Land-related policy has played a role in this loss by authorizing the theft of land and prohibiting land ownership. Concurrent barriers to voting, holding office, and participating in legislative systems hindered the ability to change these political conditions. Further contributing to forced land loss is the issue of heirs’ property—or fractionated land ownership—and partition sales. Heirs’ property refers to the vulnerable condition of land ownership in which property is passed between generations without clear title, often due to the absence of a formal will. There are a number of factors that might have resulted in landowners not creating a will, including: lack of access to legal resources; insufficient financial resources to undergo complex estate planning; and differences in cultural values that prioritize verbal, communal transfer of property rather than formal succession to individuals. Without a clear designation of heirs, the state becomes responsible for determining legal ownership of the land at the time of transfer, resulting in land owned “in common” by all the heirs, regardless of whether they live, work, or pay taxes on the land.

Heirs’ property land ownership has disproportionately affected African-American communities, but also impacts Indigenous, Hispanic, and rural Appalachian farming communities. Heirs’ property issues can prevent farmers from accessing loans, grants, and government assistance, as well as complicate infrastructure investments or land management decisions. In addition, heirs’ property can make a parcel less marketable for sale or lease, and a single landowner can force a sale of the property. This scenario often results in land being sold for much less than market value, property being broken up into parcels that are too small to be efficient for agricultural use, and/or wealthy buyers acquiring land by taking advantage of the vulnerabilities of farmers affected by heirs’ property ownership.

Access to land is the foundation of a just food system. As farmers, activists, and people whose work depends on the land, we have a responsibility to understand the context in which we work and to ensure that narratives of injustice are heard. Understanding the history of land loss and discrimination informs our advocacy as well as our relationship with the land, helping us to shape policies and take action towards building a stronger, more just future for agriculture. In seeking to rectify the injustices of our agricultural system, we must look to the food and land justice movements which have been formulating small and large-scale solutions since the beginning of colonization. There are some resources for learning more about these movements below.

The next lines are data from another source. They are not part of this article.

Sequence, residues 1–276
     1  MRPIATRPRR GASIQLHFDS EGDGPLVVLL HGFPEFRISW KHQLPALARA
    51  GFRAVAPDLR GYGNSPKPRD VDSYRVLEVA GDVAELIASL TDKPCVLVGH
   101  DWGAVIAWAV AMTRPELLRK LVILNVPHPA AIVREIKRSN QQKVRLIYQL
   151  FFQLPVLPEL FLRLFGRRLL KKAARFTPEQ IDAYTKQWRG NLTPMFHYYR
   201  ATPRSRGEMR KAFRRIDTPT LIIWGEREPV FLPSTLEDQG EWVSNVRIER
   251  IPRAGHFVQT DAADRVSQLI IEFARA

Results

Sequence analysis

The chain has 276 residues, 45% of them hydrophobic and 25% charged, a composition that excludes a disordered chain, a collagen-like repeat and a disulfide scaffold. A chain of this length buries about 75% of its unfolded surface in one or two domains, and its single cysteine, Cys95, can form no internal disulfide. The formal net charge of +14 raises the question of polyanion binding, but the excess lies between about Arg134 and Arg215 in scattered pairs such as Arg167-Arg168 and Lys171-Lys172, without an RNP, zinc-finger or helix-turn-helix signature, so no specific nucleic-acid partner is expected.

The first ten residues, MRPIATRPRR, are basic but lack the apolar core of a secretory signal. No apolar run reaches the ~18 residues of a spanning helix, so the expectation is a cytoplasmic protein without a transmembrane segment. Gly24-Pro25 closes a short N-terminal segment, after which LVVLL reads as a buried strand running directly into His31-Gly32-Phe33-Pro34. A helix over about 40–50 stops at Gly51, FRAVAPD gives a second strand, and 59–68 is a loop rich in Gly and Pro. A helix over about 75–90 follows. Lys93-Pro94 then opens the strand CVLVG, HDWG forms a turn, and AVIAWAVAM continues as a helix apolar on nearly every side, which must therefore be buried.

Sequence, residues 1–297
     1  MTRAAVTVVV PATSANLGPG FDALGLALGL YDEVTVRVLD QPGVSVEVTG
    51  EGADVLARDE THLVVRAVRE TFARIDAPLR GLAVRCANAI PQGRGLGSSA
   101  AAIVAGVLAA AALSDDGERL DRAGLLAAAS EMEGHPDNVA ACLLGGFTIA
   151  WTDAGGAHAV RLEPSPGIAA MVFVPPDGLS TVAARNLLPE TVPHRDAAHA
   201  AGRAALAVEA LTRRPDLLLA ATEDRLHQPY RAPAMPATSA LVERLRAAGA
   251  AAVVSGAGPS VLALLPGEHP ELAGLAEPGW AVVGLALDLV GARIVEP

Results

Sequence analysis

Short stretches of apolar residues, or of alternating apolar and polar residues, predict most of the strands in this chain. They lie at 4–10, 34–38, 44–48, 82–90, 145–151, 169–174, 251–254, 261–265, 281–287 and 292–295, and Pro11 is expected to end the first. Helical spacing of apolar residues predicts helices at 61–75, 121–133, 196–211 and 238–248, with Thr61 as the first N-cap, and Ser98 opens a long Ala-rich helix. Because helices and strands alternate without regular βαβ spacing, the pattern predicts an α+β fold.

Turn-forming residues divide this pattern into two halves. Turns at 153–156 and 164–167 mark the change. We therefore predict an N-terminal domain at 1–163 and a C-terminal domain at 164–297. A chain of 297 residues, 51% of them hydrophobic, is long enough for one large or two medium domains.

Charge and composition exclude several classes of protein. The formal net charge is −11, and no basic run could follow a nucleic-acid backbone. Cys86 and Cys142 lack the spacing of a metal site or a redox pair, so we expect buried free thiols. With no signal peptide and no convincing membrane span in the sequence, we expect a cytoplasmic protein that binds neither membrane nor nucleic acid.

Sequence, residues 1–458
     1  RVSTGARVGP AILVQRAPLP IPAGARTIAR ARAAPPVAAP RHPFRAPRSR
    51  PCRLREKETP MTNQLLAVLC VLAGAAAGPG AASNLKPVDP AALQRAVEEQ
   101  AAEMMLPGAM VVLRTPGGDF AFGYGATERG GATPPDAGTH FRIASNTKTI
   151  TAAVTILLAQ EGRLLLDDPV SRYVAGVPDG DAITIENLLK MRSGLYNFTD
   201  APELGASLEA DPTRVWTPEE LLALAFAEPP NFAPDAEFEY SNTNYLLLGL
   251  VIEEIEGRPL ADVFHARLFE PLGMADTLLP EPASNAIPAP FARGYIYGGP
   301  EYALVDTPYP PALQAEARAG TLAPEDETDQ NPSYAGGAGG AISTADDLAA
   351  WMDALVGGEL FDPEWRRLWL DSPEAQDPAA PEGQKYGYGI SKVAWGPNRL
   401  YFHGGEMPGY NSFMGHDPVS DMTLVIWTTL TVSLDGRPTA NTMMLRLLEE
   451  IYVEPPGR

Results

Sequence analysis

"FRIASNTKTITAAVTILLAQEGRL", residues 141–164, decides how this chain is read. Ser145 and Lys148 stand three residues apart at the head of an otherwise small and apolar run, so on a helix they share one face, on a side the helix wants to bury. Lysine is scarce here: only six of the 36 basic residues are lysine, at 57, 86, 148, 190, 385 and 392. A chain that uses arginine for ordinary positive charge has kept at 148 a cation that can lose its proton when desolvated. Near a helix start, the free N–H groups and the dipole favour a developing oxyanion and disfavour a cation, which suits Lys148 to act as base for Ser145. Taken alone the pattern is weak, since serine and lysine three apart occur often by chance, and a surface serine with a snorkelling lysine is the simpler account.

White Supremacy and Systemic Racism Impact People of Color In Almost Every Aspect of Life

Photo by Stella Kalinina

Issues in the food system cannot be siloed from other social issues, because food and land are foundations of life and community. Increasingly, activists, farmers, consumers, and scholars are asserting the clear connection between agriculture and food systems issues, and other articulations of systemic racism, including mass incarceration, gentrification, labor rights, immigration, climate change (for examples, see our recommended readings below). As we organize to lower barriers for entry into agricultural careers, and to increase political and substantive support for farmers, we must also continue to raise our awareness of the ways these issues intersect with systemic racism and injustice. Solidarity movements such as the Poor People’s Campaign are working to unite people across the country regardless of race or class. Injustice to any particular group of people is a threat to justice for everyone as a whole, and systemic racism negatively affects all communities.

Farmers Have Always Been Organizing For Racial Justice

There have ALWAYS been farmers organizing for racial, economic, gender, land, and climate justice in the United States and around the world. Farmers of color have been leaders in farm labor and immigrant rights movements, pioneers in cooperative economics and community land trust development, and instrumental in the fight for black enfranchisement in the deep south, the sustainable agriculture movement, water conservation efforts in the arid west, urban agriculture practice and innovation, and the fight against food apartheid.

Contemporary organizers have the opportunity to both learn from these historical movements and support the inheritors of this work, the folks who continue to develop racial justice strategies and practices today.

A question for you might be: what stake do farmers—especially farmers who don’t feel directly harmed by white supremacy—have in movements for racial justice? How can farmers show up for racial justice broadly?